Alfie (Johns)  his fish bowl and John

When John arrives at the Victory Cafe he finds Towers hanging around with his chums and a cute blond named Jackie (White) who is dancing at a juke box. As John watches them, a 1956 Oldsmobile 88 drives up outside and someone lays on the horn. Jackie grabs her coat and runs out. John confronts Towers who denies any wrongdoing.



The next day Alfie's flop is trashed. John calls the police. Alfie doesn't talk, but an associate of Towers sees the police at Alfie's. He tells Towers who in turn tells Meadows about the "nob" (John) who is asking questions.


Lionel (Sellers), Jackie (White), Tommy (Faith)

Continued....

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« Reply #1 on: May 05, 2016, 03:44:26 PM »

continuing....

Meadows asks how did this happen. Tommy tells him that Alfie saw him steal it. Meadows gets pissed that Tommy stole a car within five miles of the garage. He slams his hand in the lid of a phonograph. Meadows then drives over in the '56 Olds to see Alfie himself. John standing outside sees it's the same car that was at the Victory Cafe. Meadows threatens Alfie dumping his fish bowl and stomping on his terrapin. Alfie, his whole world gone, gasses himself to death. John puts two and two together and informs the police. The police head to Meadows Garage and confront him with Johns accusations about the Anglica theft and that he was the last man to see Alfie.

John's wife wants him to forget about trying to get the car back. She's becoming distressed about his actions, actions which she, in a backhanded way, ignited. She told John that he was always chasing pipe dreams that he never caught and made reality. That sets John off, determined to "never let go" until he gets his Anglica back.

John's obsession and alienation from his wife increases steadily throughout the remainder of the film. This change is convincingly well acted by Todd who goes from soggy milquetoast to hard crust burnt toast. Peter Sellers though is practically unrecognizable. His Meadows character looks like his pudgy evil twin. He's frighteningly different, very twisted from the comedic Sellers we are used to. He sports a push-broom mustache. He is petty, vicious, vile, and has the facade of an outwardly polite charmer. Meadows pseudo smiles, only with his mouth not his eyes. He's a fastidious over the top neat freak, complaining about Jackie's untidiness, placing coasters under drink glasses and ranting about lit cigarettes left on veneer. He also has a sexual sadistic kink with his mistress Jackie. He's a pressure cooker slowly building as things in his little world go awry. He has startlingly violent outbursts. Like a safety valve he's letting off steam, but it's not helping, you know there will be the inevitable explosion as he rages on about the "little nob, lipstick salesman" , and how he's going to "kill him. put him in his car, and burn it!"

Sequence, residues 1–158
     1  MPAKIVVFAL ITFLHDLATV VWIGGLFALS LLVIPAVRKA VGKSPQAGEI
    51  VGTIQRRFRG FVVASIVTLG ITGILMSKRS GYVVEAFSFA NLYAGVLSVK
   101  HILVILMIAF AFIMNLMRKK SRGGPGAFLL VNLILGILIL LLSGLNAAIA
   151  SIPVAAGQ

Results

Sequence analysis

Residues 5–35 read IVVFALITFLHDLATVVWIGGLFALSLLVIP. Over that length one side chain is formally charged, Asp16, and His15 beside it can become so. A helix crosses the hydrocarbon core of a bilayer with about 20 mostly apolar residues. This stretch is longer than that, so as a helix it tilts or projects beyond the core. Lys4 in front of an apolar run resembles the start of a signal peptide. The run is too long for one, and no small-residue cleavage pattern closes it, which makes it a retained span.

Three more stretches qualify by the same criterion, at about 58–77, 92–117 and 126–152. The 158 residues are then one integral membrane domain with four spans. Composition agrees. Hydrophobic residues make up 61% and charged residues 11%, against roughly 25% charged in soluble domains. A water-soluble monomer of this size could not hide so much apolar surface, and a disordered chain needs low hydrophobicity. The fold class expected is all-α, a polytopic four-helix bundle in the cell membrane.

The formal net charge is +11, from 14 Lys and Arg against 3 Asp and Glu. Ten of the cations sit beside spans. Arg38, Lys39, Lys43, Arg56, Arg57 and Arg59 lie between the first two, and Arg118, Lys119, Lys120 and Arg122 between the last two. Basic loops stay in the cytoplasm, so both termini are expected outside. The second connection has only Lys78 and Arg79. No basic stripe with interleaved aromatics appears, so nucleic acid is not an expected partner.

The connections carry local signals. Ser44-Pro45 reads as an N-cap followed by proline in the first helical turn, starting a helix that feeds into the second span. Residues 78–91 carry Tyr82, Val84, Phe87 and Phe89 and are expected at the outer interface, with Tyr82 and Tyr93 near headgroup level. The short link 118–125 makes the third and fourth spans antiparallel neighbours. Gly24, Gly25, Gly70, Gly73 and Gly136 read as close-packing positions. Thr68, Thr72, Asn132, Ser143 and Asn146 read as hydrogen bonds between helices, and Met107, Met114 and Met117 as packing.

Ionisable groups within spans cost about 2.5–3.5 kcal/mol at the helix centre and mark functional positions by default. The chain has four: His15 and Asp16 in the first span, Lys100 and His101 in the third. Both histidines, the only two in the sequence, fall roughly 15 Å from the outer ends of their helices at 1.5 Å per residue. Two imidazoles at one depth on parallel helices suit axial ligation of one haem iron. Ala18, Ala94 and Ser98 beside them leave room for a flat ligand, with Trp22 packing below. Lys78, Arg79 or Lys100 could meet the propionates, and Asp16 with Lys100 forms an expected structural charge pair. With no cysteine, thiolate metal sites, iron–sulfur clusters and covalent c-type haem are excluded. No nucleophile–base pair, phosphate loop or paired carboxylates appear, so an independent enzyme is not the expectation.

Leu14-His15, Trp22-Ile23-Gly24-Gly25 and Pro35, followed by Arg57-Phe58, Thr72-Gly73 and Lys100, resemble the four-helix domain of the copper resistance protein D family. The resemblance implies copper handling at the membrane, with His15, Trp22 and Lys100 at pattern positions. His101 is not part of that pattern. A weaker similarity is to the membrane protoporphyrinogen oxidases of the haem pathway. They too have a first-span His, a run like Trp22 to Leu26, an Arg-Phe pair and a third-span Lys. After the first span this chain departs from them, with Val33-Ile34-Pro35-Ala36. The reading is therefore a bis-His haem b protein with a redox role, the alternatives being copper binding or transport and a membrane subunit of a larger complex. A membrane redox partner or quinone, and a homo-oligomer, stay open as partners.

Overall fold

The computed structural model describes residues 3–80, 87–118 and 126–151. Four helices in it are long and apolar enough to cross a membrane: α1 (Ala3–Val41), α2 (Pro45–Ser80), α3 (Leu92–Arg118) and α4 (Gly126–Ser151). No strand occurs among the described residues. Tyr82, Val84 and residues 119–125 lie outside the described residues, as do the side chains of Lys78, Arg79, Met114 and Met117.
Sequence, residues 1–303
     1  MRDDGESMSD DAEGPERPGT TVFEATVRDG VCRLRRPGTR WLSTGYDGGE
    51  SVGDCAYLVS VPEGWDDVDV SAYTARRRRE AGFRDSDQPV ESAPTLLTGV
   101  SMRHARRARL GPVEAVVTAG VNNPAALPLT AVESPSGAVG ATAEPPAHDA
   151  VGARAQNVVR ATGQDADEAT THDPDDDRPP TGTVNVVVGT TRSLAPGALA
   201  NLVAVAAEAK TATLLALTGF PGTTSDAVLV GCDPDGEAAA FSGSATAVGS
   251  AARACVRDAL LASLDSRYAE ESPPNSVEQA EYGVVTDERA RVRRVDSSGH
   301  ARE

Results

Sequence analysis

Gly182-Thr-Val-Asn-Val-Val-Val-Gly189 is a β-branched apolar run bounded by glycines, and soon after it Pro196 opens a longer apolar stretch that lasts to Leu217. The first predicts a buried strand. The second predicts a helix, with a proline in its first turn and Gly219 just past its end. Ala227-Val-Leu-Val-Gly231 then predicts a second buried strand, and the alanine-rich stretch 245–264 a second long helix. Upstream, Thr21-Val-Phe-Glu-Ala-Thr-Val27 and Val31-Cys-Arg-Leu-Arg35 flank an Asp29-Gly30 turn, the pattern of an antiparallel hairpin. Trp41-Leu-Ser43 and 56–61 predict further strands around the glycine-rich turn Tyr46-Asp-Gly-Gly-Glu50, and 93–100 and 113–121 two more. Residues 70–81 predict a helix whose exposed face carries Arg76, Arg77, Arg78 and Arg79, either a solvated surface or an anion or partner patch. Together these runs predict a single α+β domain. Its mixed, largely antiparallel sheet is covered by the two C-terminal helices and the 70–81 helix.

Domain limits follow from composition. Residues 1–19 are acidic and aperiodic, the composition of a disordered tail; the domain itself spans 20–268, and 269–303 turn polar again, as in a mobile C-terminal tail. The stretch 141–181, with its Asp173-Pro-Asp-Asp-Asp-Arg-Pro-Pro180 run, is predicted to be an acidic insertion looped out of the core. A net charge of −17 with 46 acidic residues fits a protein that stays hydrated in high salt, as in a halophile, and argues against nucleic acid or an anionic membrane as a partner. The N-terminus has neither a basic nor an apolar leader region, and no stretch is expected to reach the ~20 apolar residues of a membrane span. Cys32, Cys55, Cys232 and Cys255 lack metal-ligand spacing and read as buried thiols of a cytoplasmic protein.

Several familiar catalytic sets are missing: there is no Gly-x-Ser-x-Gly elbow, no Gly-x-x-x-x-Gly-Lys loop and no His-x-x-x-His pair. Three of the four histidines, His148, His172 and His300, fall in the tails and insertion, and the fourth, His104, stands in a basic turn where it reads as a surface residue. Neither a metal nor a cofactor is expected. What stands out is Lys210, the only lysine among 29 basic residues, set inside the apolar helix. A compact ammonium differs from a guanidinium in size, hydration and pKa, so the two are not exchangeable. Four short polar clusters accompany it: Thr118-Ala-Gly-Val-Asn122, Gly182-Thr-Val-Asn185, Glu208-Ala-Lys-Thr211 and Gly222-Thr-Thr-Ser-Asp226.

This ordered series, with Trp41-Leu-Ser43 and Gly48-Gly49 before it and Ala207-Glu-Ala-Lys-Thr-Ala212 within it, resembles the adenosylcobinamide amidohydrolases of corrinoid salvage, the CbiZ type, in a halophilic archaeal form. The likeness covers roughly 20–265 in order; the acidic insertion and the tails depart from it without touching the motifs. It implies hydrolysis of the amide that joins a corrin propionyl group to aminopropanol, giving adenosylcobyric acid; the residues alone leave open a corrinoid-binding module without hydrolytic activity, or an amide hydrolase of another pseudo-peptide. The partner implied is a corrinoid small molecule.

Outwardly calm Meadows


Meadows sexual sadist

Never Let Go nicely builds nicely to an inevitable showdown punctuated by John Barry's score. It's what a noir should be, about interesting small time characters and simple conflicts that spiral bizarrely of control. Screencaps are camera images from paused frames of a recent TCM showing, but there is an MGM DVD out there. Bravo 9/10

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« Reply #2 on: May 06, 2016, 06:02:22 AM »

https://www.youtube.com/watch?v=EEX9ymqeB_U

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titoli
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« Reply #3 on: May 06, 2016, 03:23:41 PM »

Bah, you'veseenitallbeforeandbetter flick. The sets are really cheap, the direction passable, some actors very  good (Todd looks like a slimmer O'Brien) with Sellers great but miscast. See the finale: can anybody really be afraid of Sellers? (still you have a good moment when he tries to pass over Todd with the car). Or take his confrontations with Faith: though he's smaller, nobody can believe he can dispose easily of a younger and healthier opponent. And his character, hard as steel, crumbles all at once for no visible reasons, as it too often happens in the cheapest items of the genre. Faith manages to be a worst actor than he was as a singer. The bad girl for once is young and looks pretty (but, again, for an alcoholic she looks quite  healthy). This is Barry's first OST: it shows. He insist on those upbeat piano chords and only in the moments preceding the final confrontation he finds his own. 6/10